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WRRCTMR No.81 Monitoring Makakilo Well No. 1 for Human Enteroviruses and Selected Bacteria Indicators
|Title:||WRRCTMR No.81 Monitoring Makakilo Well No. 1 for Human Enteroviruses and Selected Bacteria Indicators|
|Authors:||Fujioka, Roger S.|
Lau, L. Stephen
show 7 moreMakakilo Well No. 1
|LC Subject Headings:||Groundwater -- Pollution -- Hawaii -- Oahu.|
Water quality -- Measurement -- Hawaii -- Oahu.
Well water -- Hawaii -- Oahu.
|Issue Date:||May 1987|
|Publisher:||Water Resources Research Center, University of Hawaii at Manoa|
|Citation:||Fujioka RS, Lau LS. 1987. Monitoring Makakilo Well No. 1 for human enteroviruses and selected bacteria indicators. Honolulu (HI): Water Resources Research Center, University of Hawaii at Manoa. WRRC technical memorandum report, 81.|
|Series/Report no.:||WRRC Technical Memorandum Report|
|Abstract:||Groundwater is the source of 99% of the drinking water provided to consumers on Oahu, the major island in the state of Hawaii. However, virtually all approved sources of water on Oahu have been planned for use. As a result, plans for new urban development are currently being delayed for lack of approved water sources. A well to provide drinking water was dug by a private developer in an area of questionable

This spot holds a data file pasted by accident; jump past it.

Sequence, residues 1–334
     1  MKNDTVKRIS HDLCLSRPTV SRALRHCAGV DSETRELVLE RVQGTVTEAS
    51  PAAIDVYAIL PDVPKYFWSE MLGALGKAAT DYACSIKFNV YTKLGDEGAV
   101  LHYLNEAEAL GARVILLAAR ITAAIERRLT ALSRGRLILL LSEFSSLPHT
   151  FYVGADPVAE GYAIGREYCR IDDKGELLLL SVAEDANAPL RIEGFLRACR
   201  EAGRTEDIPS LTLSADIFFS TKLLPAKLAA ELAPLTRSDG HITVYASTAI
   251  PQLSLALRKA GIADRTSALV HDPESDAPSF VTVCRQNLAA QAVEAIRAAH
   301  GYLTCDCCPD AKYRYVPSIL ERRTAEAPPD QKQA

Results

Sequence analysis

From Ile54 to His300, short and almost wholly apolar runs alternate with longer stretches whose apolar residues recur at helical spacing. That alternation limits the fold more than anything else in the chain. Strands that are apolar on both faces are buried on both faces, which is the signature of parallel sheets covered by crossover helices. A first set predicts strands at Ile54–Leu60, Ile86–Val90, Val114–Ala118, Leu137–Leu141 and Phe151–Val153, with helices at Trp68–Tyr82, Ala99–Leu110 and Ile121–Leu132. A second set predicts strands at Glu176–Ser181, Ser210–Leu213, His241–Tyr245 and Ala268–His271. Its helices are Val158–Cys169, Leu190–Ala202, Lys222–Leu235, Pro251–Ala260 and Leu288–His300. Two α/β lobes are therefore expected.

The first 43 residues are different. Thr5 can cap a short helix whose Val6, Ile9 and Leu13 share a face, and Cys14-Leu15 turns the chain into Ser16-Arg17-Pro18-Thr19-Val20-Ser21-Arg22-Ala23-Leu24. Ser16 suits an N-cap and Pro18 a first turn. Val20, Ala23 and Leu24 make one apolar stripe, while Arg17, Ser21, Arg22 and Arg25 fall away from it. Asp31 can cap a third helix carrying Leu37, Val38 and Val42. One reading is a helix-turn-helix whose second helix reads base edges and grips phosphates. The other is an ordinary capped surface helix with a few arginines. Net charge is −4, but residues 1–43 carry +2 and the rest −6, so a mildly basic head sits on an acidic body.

groundwater quality. This investigation assessed the quality of the groundwater and determined whether sewage effluent, which was discharged into an unlined ditch in the vicinity of the well, had an impact on
the quality of the groundwater. The quality of groundwater from a new well dug near the coastal plain on Oahu was determined by pumping out 1 022 m^3 (270,000 gal) of water over 1.5 days and analyzing nine representative samples. No fecal coliforms (<1/100 ml) and only 1.6 fecal streptococcus/ 100 ml were recovered in the nine samples. Also, no human enteric virus was recovered in the four 0.38-m^3 (l00-gal) samples, an indication that the groundwater was not contaminated with sewage. One and three foot soil percolates collected under the ditch which transported sewage near the well were similarly analyzed and the results indicated that it would be most unlikely for sewage-borne bacteria and viruses in the effluent to percolate through the soil profile to contaminate the groundwater. The groundwater was also analyzed for eleven chemicals. The concentration of total dissolved solids (750 mg/l) was the only
measurement which exceeded the MCL for drinking water, although the concentration of chloride (241 mg/l) closely approximated its MCL. Blending of this groundwater with high quality groundwater is a viable alternative of increasing the volume of potable water required for urban expansion.
|Sponsor:||The Estate of James Campbell Contract No. T-135|
|Pages/Duration:||vii + 17 pages|
|Appears in Collections:||WRRC Technical Memorandum Reports|
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